Book a train leaving around your usual bedtime if you can. The hours go by so much quicker and it is more worth your money, as you won’t need extra accommodation. The later you leave in the evening, the more tired you’ll be once you board, which means you’ll fall asleep faster. It also means you are more likely to have some daylight in the morning to watch the beautiful scenery pass by. And it means you’ll be rocking up at your destination at a more humane hour that is closer to your accommodation’s check-in time.
For our first sleeper train from Ho Chi Minh City, we arrived in Nha Trang at 5:30am. We step off the train completely out of it and desperate for a coffee. Our check-in wasn’t until 2pm with no luggage storage, and it was lucky we did this in a town with lots of sun loungers. We rocked up at the beach, backpacks and all, grabbed a sun lounger and had a nap. On the next one from Nha Trang to Da Nang, we arrived at an easier 9:30am, and sat down at the cafe across from the train station for a coffee and some WiFi. Luckily we were able to drop our bags off after that.
Are some sleeper train journeys better than others?
Short answer: Yes!
First, not all journeys go overnight. If you are on limited time, it wastes your days, and you’ll still need accommodation.
Second, it is obviously going to be much better cleanliness-wise to use it at its starting point for less than 10 hours. Mainly because of the toilets. And not jumping into sleep where someone else just was. The train from Ho Chi Minh City was newer and cleaner than the 2nd we took from Nha Trang to Da Nang.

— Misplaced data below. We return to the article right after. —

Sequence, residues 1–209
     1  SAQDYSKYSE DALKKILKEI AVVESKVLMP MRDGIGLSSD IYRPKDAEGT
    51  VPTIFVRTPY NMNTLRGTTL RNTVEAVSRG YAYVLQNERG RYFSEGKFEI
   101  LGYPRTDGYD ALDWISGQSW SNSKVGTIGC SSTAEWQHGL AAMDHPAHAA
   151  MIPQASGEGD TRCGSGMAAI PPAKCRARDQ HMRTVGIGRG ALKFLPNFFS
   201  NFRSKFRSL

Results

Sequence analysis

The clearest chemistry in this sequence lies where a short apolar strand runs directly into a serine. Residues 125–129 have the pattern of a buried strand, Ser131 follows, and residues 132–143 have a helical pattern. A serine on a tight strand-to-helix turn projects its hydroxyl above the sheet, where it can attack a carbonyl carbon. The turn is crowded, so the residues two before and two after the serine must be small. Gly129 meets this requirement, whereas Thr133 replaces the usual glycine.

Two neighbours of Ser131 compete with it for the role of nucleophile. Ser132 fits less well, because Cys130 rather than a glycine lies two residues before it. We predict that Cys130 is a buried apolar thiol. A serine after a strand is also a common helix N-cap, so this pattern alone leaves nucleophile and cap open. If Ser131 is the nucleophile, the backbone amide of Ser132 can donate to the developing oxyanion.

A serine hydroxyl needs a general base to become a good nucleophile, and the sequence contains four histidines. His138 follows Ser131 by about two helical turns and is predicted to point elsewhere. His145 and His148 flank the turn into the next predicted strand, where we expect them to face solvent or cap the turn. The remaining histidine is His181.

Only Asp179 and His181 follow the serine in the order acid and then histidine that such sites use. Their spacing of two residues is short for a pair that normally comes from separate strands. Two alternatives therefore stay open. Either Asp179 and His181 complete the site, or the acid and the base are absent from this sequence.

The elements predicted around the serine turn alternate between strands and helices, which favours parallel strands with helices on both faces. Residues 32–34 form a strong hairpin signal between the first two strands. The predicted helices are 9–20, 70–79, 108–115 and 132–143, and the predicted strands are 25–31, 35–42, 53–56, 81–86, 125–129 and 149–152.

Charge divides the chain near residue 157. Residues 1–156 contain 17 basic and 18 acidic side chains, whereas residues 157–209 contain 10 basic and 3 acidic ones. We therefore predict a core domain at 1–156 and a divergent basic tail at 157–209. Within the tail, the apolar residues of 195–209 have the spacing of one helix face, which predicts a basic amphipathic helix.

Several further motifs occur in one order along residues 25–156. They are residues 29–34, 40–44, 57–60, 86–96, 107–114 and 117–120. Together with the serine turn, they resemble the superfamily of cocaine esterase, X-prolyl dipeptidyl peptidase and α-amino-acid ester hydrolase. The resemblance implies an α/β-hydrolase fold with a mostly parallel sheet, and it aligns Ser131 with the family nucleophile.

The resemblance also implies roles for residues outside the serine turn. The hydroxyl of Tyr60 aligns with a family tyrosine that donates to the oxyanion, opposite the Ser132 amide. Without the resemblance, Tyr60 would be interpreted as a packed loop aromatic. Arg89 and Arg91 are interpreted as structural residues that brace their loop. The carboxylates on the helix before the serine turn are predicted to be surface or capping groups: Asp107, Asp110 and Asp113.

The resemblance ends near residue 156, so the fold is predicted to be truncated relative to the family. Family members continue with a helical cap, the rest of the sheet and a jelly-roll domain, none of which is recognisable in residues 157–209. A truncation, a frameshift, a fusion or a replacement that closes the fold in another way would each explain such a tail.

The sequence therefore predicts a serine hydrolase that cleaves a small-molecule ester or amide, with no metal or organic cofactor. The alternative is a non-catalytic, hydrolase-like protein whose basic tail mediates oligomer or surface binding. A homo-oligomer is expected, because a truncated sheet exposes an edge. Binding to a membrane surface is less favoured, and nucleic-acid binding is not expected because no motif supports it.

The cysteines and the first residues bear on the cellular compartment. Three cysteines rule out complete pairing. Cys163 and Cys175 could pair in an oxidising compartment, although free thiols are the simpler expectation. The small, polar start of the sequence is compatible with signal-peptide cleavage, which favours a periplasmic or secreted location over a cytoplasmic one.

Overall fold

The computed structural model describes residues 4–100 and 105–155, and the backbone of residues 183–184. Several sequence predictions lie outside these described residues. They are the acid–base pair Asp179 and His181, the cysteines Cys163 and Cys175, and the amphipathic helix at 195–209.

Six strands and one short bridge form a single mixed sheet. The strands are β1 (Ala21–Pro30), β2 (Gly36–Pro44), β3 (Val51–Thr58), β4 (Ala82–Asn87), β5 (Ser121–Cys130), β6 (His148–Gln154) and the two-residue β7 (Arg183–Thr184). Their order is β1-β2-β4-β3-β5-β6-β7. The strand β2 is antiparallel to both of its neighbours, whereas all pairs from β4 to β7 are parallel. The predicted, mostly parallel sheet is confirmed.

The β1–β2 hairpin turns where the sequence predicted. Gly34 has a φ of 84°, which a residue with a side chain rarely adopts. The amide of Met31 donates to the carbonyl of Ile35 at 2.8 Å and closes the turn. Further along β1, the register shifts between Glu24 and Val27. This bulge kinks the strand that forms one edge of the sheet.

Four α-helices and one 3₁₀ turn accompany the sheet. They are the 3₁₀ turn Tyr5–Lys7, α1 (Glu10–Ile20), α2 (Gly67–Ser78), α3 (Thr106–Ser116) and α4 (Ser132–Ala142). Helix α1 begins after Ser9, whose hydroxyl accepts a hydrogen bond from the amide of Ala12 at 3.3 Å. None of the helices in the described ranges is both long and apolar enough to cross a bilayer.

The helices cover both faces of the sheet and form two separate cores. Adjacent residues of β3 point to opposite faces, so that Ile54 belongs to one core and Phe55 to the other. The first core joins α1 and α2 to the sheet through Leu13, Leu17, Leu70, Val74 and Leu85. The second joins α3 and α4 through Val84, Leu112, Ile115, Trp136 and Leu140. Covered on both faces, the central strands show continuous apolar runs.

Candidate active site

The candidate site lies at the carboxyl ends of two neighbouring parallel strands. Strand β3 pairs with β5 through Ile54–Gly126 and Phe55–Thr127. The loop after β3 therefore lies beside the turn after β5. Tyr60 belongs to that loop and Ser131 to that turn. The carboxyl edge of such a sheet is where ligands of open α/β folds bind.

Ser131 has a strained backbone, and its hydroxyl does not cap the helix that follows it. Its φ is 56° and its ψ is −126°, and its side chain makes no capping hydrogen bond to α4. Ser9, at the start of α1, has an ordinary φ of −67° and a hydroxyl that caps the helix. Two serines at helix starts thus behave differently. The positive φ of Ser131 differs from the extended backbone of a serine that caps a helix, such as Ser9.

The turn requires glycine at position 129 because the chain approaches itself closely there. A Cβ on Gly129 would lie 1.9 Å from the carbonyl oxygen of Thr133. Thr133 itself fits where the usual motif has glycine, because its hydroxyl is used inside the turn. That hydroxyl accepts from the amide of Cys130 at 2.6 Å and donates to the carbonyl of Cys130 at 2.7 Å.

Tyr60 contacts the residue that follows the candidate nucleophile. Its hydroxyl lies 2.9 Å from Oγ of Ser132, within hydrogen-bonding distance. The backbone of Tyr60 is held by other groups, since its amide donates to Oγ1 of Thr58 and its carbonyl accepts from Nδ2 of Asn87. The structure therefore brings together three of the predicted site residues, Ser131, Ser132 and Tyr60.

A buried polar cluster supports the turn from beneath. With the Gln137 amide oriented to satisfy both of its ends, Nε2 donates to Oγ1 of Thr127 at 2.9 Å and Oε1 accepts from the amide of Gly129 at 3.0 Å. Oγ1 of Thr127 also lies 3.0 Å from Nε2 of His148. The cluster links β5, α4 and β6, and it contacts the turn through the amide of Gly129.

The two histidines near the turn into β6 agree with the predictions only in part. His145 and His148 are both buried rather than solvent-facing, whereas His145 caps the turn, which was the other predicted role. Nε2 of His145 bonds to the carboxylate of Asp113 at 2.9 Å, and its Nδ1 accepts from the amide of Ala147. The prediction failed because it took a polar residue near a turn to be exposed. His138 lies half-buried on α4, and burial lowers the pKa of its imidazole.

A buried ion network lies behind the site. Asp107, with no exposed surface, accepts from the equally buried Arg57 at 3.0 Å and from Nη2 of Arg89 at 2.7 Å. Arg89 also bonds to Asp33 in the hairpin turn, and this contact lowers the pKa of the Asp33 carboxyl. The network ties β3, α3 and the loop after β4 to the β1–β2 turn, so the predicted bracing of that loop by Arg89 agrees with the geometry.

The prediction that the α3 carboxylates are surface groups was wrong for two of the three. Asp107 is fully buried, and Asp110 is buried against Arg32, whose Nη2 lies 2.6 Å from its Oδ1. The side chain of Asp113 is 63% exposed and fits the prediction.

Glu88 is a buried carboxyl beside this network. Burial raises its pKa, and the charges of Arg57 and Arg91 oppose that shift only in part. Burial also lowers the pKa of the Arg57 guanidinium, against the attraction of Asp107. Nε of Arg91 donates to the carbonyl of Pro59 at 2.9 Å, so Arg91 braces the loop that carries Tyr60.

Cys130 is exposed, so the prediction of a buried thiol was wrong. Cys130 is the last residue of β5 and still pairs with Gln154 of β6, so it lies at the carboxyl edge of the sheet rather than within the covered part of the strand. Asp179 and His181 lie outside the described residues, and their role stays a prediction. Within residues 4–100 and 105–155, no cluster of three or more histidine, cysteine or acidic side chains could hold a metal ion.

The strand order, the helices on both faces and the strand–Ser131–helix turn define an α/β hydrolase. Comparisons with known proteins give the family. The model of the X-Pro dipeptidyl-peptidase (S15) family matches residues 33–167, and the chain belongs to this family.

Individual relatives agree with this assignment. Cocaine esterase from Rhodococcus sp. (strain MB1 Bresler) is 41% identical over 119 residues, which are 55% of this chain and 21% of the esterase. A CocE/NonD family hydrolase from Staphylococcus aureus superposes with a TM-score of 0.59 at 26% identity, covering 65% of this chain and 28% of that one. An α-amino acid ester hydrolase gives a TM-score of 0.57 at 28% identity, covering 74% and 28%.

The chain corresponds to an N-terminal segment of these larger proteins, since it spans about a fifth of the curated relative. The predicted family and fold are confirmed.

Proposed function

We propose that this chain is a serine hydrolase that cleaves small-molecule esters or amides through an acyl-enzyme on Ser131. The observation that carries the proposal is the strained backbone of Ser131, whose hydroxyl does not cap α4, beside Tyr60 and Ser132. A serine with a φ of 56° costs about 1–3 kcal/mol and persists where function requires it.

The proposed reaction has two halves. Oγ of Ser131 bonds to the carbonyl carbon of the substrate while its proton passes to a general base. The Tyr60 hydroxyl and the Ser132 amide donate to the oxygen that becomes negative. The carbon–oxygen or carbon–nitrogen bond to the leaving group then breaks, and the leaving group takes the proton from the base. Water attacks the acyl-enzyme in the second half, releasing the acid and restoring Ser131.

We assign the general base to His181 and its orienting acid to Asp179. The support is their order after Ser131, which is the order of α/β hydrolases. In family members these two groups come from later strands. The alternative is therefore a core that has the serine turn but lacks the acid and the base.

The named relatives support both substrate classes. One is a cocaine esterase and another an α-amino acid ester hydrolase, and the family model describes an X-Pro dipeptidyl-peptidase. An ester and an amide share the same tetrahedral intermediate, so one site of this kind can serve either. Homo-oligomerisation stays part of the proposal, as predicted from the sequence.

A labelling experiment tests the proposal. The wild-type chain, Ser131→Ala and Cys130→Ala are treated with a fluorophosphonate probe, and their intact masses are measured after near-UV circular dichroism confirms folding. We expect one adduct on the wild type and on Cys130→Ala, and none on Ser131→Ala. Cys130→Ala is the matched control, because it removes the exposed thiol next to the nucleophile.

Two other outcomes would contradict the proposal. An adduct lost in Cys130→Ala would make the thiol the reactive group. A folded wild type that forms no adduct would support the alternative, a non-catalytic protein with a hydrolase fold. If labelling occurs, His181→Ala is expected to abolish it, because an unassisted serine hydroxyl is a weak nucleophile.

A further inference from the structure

But some of the journeys are a great way to see some of the beautiful scenery. So you might want to leave some daylight hours to sit and watch the countryside go by.
How do I know when to get off?
Frequent delays can make it difficult to know when your train will arrive. And even more difficult to know when to get off when you can’t understand the announcements. We were lucky enough to meet a local lady who was kind enough to translate the announcements and make sure we were ready to get off on one delayed journey. The guards will come and let you know a few minutes before. But I’d recommend getting packed up before your original arrival time so you aren’t scrambling around for your stuff.
Any other advice for taking a sleeper train?
Make sure you wear comfortable clothes and find somewhere to change before you get to the station. There’s no privacy on the trains and you’ll wake up feeling fresher/be more comfortable. Cotton trousers, such as the ones at most markets, are a great choice. We had some funny adventures trying to freshen up before our journeys. Particularly after spending the entire day walking around with our backpacks in the heat or hanging out and the beach/in the sea. It was also a challenge trying to find places to hang out while having our bags until the trains left circa 11pm.
In Ho Chi Minh City, we ended up at the Hotel Rex rooftop bar for some cocktails. We looked out of place in the glam setting with our backpacks under the table. And I ended up changing in their bathroom as I wanted to find somewhere nice and clean.
In Nha Trang, we ended up spending the evening at the spa to relax and get rid of the beach grime from the day.
Hopefully, this helps with what took me a lot of research and some trial and error to figure out! Sorry this one is light on nice pics compared to some of my other recent posts, but no one wants to see many of what I look like after a 10-hour journey right after a day on the beach!
So.. should you take a sleeper train in Vietnam?
The bottom line is that it can save you a lot of time and money. And sleeper trains can really be part of the adventure of travelling Vietnam. I’m a person that does like my creature comforts to some extent. So if I can survive a sleeper train in Vietnam, I think many travellers can! Plus it is a much more eco-friendly way to travel compared to alternatives.